Doors open on new curriculum
Wallace hall Academy defies stereotype. There is a picturesque approach through gently arcing, snow-clad Dumfriesshire hills, to its setting in little Thornhill (population: not far into four figures). But the invention and industry in the school defy notions of a sleepy, rural idyll.
The school building, with its crumbling exterior exposing 1970s brickwork, lends an initial frisson of urban decay. In fact, there is a vigour for learning inside, which will doubtless be better served by a new building opening across the road by 2010.
If visitors have to recalibrate lazy preconceptions, then that matches the ethos of a school that demands flexibility. Most importantly, this shows itself in a new approach to the curriculum: the current batch of second years will be the first to sit their Standard grades at the end of S3.
"The pace of learning across a normal six years is very uneven," says Allan Douglas, the headteacher, explaining the earlier start on Standard grades.
"First and second year are quite leisurely, then it picks up in S3 and S4, and goes like that in S5." (He swishes his hand through the air).
Mr Douglas feels that "high-flyers" generally do well under any system, while those at the other end of the spectrum tend to get a lot of help. As acting depute head Trisha McCurrach points out, those most likely to lose out are often in-between. "The middle-ground have been the ones who got on with things, don't cause any bother, but maybe don't realise their potential."
Mr Douglas wanted to "pick up the pace" in the earlier years, with one main aim in mind. "The key for opening doors is the Higher, yet we spend so little time on it."
One telling example is given by Mrs McCurrach, a biology teacher, who feels that the "two-term" dash towards a Higher means a focus on science, to the detriment of "huge moral issues" thrown up by the subject.
The pioneering batch of second years appears unfazed by the increased demands placed on them, as 13-year-old Eddy Sayers makes clear: "My friends at other schools were saying they'd find it too hard. I was saying it's quite easy after you get used to it."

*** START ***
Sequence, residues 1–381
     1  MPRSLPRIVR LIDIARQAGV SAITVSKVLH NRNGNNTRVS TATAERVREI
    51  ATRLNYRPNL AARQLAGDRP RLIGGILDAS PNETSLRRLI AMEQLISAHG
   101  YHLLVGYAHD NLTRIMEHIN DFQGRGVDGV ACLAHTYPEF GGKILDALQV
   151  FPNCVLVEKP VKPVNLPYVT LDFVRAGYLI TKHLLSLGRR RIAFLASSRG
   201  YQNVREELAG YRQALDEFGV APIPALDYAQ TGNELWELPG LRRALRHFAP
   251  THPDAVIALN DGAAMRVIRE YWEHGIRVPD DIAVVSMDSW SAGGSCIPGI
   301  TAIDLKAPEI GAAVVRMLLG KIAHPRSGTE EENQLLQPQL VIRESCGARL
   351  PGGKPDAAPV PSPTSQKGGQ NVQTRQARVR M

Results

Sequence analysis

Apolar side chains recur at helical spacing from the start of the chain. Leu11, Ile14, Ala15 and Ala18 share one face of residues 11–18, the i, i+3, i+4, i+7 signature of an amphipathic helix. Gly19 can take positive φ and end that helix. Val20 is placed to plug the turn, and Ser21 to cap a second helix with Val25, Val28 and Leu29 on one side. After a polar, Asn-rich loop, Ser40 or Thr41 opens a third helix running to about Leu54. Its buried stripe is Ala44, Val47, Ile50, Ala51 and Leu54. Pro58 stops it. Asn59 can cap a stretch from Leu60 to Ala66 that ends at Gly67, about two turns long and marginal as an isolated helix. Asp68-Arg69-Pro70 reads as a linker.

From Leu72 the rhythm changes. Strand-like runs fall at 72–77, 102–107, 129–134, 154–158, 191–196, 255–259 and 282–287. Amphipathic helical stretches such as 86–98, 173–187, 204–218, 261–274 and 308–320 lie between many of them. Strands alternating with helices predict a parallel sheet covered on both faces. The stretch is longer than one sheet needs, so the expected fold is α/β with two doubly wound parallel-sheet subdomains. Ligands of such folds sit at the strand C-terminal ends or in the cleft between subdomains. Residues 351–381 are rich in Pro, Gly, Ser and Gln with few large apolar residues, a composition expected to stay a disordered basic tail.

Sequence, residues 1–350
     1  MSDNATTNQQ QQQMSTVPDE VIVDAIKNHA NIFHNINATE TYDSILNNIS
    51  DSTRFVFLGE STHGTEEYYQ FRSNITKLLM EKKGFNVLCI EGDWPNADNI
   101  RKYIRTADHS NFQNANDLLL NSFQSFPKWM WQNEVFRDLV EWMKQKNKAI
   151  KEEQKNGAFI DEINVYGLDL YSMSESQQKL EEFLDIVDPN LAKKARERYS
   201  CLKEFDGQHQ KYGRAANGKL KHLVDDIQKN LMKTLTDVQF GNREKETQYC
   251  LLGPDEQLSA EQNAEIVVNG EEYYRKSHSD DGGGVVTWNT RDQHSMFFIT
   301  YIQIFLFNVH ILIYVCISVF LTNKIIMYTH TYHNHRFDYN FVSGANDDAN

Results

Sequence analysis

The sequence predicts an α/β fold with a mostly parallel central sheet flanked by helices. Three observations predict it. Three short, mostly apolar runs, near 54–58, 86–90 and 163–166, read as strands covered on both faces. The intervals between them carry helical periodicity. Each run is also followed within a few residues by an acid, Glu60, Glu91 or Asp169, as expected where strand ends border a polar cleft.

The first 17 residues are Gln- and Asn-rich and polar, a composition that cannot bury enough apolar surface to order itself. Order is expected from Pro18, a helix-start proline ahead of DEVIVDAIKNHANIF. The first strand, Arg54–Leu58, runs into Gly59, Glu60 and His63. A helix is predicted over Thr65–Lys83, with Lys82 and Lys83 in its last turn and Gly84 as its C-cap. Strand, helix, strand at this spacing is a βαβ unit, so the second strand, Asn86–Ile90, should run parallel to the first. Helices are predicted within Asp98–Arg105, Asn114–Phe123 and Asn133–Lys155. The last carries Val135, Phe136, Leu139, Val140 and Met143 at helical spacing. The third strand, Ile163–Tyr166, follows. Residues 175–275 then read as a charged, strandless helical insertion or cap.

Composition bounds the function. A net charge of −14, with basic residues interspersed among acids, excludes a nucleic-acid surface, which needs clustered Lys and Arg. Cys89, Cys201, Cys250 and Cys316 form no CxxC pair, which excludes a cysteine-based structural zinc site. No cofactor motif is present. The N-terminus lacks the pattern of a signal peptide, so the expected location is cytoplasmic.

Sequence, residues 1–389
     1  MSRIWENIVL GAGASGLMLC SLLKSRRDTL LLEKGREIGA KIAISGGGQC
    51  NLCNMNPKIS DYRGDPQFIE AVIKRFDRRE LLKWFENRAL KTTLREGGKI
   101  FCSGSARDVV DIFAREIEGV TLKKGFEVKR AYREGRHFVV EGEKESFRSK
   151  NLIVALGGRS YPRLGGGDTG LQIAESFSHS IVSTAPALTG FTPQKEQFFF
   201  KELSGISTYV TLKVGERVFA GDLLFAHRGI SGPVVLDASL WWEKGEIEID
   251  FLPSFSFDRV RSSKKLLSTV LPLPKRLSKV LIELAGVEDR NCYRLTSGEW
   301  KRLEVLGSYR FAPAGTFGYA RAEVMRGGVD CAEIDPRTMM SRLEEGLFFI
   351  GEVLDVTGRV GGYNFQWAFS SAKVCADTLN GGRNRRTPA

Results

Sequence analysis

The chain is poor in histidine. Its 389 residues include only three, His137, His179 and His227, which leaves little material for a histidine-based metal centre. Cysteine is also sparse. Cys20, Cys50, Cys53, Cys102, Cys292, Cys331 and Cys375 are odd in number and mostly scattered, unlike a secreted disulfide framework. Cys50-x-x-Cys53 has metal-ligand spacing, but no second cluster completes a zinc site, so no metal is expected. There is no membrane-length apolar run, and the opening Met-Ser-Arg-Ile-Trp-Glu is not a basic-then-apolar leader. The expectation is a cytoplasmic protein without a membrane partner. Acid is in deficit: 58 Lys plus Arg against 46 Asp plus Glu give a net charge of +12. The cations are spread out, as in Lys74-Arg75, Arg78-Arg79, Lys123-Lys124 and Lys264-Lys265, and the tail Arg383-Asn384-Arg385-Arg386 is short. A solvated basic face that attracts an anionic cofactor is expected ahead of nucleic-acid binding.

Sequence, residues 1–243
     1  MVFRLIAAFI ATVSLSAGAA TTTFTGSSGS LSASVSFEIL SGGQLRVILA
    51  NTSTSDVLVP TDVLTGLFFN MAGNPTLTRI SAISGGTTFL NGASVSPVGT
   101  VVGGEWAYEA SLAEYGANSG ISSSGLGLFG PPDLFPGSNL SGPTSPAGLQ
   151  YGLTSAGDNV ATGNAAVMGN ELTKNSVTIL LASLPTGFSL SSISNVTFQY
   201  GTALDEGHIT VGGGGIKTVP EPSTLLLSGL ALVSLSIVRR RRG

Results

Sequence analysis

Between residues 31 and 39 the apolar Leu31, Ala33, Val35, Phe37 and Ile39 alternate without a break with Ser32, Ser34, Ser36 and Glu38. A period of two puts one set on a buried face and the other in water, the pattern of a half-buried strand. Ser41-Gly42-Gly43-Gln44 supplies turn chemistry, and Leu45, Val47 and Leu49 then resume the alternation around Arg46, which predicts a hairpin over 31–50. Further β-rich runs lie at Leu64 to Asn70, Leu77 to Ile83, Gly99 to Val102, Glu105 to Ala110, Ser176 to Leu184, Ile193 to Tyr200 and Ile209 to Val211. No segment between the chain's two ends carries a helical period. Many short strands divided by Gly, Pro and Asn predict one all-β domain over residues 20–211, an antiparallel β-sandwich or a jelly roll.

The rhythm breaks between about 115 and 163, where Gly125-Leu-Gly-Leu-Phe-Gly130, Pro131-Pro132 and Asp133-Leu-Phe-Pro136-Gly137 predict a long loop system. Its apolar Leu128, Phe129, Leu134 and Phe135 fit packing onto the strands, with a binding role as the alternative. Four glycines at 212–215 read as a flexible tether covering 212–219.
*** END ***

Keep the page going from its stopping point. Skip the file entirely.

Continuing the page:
Already, pupils benefit from a less-than-rigid approach to the curriculum so that, for example, talented musicians take Advanced Higher music in fifth year, while linguists can attend other schools for Spanish classes.
Bringing forward Standard grades will make the upper years far more flexible. Under the existing system, if a cohort of 16 pupils included eight taking a subject at Higher and eight at Intermediate 2, they would be taught together. When future fourth years choose subjects alongside fifth and sixth years, however, there will be around 250 pupils - as opposed to 120 this year - making it easier to form classes of pupils at similar stages.
To help pupils prepare for starting Standard grades earlier, the school is ensuring that all first-year classes have a maximum of 20 pupils. All members of senior management, meanwhile, are taking S2 classes, a practice underlined as, mid-interview, Mr Douglas rushes off to take a chemistry lesson.
"We made a point of taking second-year classes, so that we're not saying this is the right thing to do but not trying it ourselves," says Mrs McCurrach.
The school is careful that less academic pupils are not left behind. An S2 science group, made up of pupils who, for a variety of reasons, would not flourish in certificated science classes, aims to stimulate interests that could prove useful in the workplace.